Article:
Thanks to microblogs and social networks, more journalists are writing online than ever before. Many of them, however, still don't know how important links are for attributing information.
Challenges of Online Writing and Linking
Plagiarism: Taking someone else's work and passing it off as your own is not a new problem in journalism, but its’ been made much easier by the Internet. It's a simple matter to cut and paste content from one website to another, but that doesn't make it ethical. Quotation and attribution of other content is accepted practice in all media. Copying it is not. There are many, many cases where journalists have lost their jobs for just one instance of plagiarism, even when they have argued that it was unintentional.
Spotting unauthorized use: While technology makes it easier to steal, the good news is that technology also offers some new ways of keeping tabs on plagiarists. A simple Google search will often turn up plagiarized material. Copyscape is an online tool that will check for copies of content from any web page. Try it by plugging in the URL of your organization's website and see what you find. Baltimore Sun copy chief John McIntyre has some suggestions for old-fashioned ways to spot plagiarism here.
Attribution via links: Former Washington Post blogger Tammi Marcoullier says there’s a simple antidote to online plagiarism: linking. "When editors value link journalism and communicate to their reporters and writers that including links to their sources and giving credit where credit is due is as important as meeting a deadline, they will provide less incentive for plagiarism," she wrote.
Linking without permission: In the early days of the Internet, website owners often asked for permission to link to another site. That practice has all but disappeared. Linking without permission is considered standard procedure now, as long as you do not mislead readers into thinking that you or your website are the source of the information. If another site's owner objects, the common practice is to remove the link, no questions asked.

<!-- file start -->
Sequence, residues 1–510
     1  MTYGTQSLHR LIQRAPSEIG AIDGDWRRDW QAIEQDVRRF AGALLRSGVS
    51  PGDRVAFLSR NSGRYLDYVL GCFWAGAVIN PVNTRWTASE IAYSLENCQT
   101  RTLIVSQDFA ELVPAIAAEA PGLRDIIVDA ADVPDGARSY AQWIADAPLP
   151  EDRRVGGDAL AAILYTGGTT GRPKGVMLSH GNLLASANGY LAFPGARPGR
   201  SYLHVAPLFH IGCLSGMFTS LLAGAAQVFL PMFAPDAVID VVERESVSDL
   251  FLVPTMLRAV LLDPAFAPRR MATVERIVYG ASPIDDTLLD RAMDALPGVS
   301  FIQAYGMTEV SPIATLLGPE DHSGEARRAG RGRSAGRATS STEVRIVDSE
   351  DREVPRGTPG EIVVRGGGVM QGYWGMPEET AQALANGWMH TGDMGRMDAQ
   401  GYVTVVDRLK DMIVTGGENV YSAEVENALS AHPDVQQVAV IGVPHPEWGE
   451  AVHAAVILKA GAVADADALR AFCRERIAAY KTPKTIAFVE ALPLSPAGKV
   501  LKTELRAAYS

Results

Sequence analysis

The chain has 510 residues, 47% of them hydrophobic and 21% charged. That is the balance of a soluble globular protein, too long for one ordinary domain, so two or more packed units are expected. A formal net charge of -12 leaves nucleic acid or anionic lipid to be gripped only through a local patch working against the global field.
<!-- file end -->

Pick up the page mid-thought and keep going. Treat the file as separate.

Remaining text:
Linking to controversial content: A link to an external site does not mean you are endorsing its content. Some news organizations make that clear in their site policies or in a note next to the actual links. The Rochester (N.Y.) Democrat and Chronicle, for example, says in its terms of service, "Our linking to such third-party sites does not imply an endorsement or sponsorship of such sites, or the information, products or services offered on or through the sites." But consider your own standards when linking to outside content and think about warning users about links to controversial content, such as profanity or disturbing photos or video. Some sites may not link to controversial groups, such as hate or terrorist organizations, even if they’re central to a story. Poynter Institute guidelines on the ethics of links are worth exploring.
Linking to commercial content: Some news sites have links to advertising embedded in their news stories, which may raise questions about journalistic independence, even though the links are automated. The American Society of Magazine Editors’ online ethics policy says sites should disclose it when links that are paid for by advertisers. But many sites that embed commercial links in their stories rely only on "double underlining" to make those links distinctive.
This post was originally part of an online course by ICFJ Anywhere, which supports journalists worldwide with free training on a range of topics. Courses are offered in a variety of languages including English, Arabic, Persian, Spanish, Portuguese, Turkish and French. For the latest ICFJ Anywhere course offerings, click here.